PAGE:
Sometimes actors tend to play to type. From movie to movie, their characters seem to operate within pretty much the same emotional range and have the same basic reactions and mannerisms. Humphrey Bogart would be an example of this type of actor, and John Wayne would be another.
I had the same general perception of Michael Douglas, viewing him as most comfortable in playing Gordon Gekko or another unlikable, bullying jerk who you hope gets his just desserts at the end of the film. Then Kish and I watched the two seasons (so far) of the Netflix series The Kominsky Method, and my preconceptions about Michael Douglas were absolutely destroyed. The show is a classic example of a well-known actor playing against type, and doing so brilliantly.
The title of The Kominsky Method refers to the acting class of Sandy Kominsky, played by Douglas. Sandy’s in his 70s, but he’s not ready to give up teaching — or acting, for that matter. The show centers around Sandy’s relationship with Norman Newlander, Sandy’s long-time agent and best friend played by Alan Arkin. Norman has been very successful financially and had a long-lasting marriage, whereas Sandy has gone through multiple wives, failed to pay his taxes, and hasn’t led the most responsible life — although he drives a terrific car. Now Sandy and Norman are dealing with the kinds of problems that men in their 70s must deal with — like prostate problems, energy problems, memory problems, sexual problems, health problems, and relationship problems.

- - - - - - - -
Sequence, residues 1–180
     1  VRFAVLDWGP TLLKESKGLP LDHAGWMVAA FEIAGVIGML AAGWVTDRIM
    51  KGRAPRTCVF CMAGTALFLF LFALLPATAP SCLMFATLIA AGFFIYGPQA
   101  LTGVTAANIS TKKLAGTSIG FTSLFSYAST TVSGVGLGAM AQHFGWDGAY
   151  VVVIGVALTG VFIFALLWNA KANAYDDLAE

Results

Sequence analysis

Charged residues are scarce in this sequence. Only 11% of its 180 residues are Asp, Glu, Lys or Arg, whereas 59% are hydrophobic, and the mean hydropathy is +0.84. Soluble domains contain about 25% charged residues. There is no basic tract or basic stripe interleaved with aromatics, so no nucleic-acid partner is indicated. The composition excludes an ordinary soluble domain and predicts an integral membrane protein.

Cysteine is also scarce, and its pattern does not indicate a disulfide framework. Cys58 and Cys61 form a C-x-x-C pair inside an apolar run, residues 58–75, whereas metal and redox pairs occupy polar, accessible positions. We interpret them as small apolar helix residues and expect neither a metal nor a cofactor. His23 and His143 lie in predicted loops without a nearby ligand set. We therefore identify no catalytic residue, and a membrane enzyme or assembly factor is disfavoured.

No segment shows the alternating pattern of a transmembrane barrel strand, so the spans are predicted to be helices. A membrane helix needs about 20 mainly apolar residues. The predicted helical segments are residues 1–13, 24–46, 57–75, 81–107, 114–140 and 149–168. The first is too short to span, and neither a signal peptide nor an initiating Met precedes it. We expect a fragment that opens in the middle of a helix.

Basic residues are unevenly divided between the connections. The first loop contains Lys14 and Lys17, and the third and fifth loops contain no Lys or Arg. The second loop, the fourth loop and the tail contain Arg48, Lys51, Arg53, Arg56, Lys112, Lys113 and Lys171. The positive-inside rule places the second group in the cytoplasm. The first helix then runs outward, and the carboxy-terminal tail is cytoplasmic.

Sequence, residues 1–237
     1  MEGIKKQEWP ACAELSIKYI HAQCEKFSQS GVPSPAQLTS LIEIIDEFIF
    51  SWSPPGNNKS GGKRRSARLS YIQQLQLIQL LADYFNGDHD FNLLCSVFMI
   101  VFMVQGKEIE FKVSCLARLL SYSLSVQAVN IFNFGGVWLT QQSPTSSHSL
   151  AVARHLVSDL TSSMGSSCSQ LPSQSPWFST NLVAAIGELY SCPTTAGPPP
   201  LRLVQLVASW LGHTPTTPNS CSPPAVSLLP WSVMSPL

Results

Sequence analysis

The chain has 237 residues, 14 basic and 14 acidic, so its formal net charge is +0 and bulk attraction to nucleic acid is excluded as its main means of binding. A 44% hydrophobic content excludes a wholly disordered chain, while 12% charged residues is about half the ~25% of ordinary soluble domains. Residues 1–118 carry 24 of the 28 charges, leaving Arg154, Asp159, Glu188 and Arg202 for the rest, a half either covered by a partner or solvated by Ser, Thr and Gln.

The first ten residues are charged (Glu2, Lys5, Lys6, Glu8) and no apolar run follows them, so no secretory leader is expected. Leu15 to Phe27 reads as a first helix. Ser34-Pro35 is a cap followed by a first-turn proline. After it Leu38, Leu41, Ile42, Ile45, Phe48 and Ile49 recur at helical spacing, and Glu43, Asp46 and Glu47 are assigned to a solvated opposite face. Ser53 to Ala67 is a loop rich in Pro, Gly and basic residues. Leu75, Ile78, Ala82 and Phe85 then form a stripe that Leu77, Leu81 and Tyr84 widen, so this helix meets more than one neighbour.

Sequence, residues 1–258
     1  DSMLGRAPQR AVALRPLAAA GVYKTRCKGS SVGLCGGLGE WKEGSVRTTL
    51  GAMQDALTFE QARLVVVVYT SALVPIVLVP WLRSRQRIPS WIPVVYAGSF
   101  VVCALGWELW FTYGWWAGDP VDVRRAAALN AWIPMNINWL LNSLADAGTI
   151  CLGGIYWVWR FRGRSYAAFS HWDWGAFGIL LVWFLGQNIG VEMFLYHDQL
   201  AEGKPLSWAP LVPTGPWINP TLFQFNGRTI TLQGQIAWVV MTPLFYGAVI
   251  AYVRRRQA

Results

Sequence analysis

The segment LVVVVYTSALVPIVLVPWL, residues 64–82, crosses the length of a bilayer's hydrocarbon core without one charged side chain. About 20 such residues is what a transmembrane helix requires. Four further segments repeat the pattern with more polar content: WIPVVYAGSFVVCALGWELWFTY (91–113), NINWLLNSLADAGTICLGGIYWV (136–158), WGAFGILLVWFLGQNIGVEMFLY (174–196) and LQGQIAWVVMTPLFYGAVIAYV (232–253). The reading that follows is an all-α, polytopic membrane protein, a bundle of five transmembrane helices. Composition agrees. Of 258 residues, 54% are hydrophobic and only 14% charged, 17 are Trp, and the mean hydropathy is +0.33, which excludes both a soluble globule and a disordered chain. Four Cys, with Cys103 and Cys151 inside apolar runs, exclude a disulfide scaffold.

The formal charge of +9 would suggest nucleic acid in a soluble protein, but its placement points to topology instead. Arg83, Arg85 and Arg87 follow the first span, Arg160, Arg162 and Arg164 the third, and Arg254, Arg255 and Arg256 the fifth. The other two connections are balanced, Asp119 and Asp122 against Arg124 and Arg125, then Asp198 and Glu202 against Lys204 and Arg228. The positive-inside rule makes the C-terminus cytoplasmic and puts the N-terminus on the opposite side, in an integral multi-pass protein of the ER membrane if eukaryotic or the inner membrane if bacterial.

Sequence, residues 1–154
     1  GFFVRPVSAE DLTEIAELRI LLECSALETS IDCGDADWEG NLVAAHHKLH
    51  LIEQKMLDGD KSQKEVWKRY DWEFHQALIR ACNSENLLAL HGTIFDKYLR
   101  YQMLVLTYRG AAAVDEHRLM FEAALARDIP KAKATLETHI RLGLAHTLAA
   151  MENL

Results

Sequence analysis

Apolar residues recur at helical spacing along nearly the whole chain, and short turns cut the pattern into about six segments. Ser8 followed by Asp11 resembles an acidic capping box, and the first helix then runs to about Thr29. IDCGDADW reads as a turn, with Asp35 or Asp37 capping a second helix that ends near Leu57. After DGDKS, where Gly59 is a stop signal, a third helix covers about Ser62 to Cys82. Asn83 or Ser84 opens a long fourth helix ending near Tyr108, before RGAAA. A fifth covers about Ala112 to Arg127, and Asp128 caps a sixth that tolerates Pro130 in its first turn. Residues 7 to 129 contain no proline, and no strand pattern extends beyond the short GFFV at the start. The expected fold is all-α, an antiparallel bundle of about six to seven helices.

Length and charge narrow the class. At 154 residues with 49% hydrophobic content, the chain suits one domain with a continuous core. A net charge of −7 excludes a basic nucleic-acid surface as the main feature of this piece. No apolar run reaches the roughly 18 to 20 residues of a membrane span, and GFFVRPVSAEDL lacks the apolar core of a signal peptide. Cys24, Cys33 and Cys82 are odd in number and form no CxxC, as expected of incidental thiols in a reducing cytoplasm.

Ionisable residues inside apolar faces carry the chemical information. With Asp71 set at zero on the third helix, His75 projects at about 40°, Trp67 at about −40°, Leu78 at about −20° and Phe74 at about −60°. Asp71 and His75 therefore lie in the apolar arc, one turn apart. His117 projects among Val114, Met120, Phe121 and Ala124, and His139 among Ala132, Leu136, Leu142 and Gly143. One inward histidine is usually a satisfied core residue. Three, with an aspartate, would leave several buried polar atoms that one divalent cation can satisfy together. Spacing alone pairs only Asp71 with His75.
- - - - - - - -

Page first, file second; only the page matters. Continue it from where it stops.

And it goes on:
The interactions between Sandy and the dry, biting Norman as they address the issues they are confronting are often hysterical — at least, to this reviewer who isn’t all that far from his 70s — and there is a fine ensemble cast that includes Sandy’s daughter, his daughter’s aged boyfriend, Sandy’s new girlfriend, and the students in Sandy’s acting class. The acting class scenes in particular are really interesting, as Sandy watches his students perform, teaches his approach to acting, and shows that he still has a lot of passion for trying to get people to take acting seriously as a craft. Sandy’s got some warts, but on the whole he’s charming, vulnerable, funny, and likable. You wouldn’t mind having a beer with him — but you might have to pick up the tab.
Michael Douglas, playing a vulnerable, likable character? That’s a big part of the reason Kish and I binge-watched and really enjoyed The Kominsky Method, and why we’re looking forward to season three.